Critical Molecule To Celiac Disease, Possibly Other Autoimmune Disorders, Pinpointed By UM Scientists

It was nine years ago that University of Maryland School of Medicine researchers discovered that a mysterious human protein called zonulin played a critical role in celiac disease and other autoimmune disorders, such as multiple sclerosis and diabetes. Now, scientists have solved the mystery of zonulin's identity, putting a face to the name, in a sense. Scientists led by Alessio Fasano, M.D., have identified zonulin as a molecule in the human body called haptoglobin 2 precursor. Pinpointing the precise molecule that makes up the mysterious protein will enable a more detailed and thorough study of zonulin and its relationship to a series of inflammatory disorders. The discovery was reported in a new study by Dr. Fasano, published the week of September 7, 2009 in the online version of the Proceedings of the National Academy of Sciences. Dr. Fasano is a professor of pediatrics, medicine and physiology and director of the Mucosal Biology Research Center and the Center for Celiac Research at the University of Maryland School of Medicine.

Daycare Doubles Early Respiratory Problems, Does Not Prevent Later Asthma And Allergy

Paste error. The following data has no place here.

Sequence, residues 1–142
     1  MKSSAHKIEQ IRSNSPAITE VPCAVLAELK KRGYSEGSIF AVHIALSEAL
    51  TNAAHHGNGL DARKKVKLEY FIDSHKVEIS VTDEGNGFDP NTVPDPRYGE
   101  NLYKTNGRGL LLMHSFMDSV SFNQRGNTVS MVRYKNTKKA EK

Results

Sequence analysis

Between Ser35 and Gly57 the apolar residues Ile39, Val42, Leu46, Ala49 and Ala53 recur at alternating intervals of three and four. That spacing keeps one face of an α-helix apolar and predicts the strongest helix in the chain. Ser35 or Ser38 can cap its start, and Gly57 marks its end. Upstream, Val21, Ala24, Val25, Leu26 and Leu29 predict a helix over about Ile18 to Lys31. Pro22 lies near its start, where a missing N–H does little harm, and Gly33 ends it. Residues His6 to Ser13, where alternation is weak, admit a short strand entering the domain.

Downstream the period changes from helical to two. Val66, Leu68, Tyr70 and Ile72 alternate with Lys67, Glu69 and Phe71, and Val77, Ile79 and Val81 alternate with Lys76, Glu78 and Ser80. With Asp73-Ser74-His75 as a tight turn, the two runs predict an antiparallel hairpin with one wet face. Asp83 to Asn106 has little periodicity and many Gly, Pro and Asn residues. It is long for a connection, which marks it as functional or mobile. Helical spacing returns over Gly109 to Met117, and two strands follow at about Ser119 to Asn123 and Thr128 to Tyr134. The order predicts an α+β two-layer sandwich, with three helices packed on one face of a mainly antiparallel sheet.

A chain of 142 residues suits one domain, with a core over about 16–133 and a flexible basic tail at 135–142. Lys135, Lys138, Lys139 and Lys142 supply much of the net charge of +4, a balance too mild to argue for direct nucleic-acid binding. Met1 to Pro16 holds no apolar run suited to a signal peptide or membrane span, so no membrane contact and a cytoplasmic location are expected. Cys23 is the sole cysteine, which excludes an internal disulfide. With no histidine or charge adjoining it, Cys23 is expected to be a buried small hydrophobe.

New research hints that the common belief that kids who go to daycare have lower rates of asthma and allergy later in life might be nothing more than wishful thinking. While young children in daycare definitely do get more illnesses and experience more respiratory symptoms as a result, any perceived protection these exposures afford against asthma and allergy seem to disappear by the time the child hits the age of eight. "We found no evidence for a protective or harmful effect of daycare on the development of asthma symptoms, allergic sensitization, or airway hyper-responsiveness at the age of eight years, " wrote Johan C de Jongste, M.D., Ph.D., of Erasmus University in the Netherlands and principle investigator of the study. "Early daycare was associated with more airway symptoms until the age of four years, and only in children without older siblings, with a transient decrease in symptoms between four and eight years." The results are published in the September 15 issue of the American Journal of Respiratory and Critical Care Medicine, a journal of the American Thoracic Society.

Introduction Of Solid Foods And Allergic Reactions - American Academy Of Pediatrics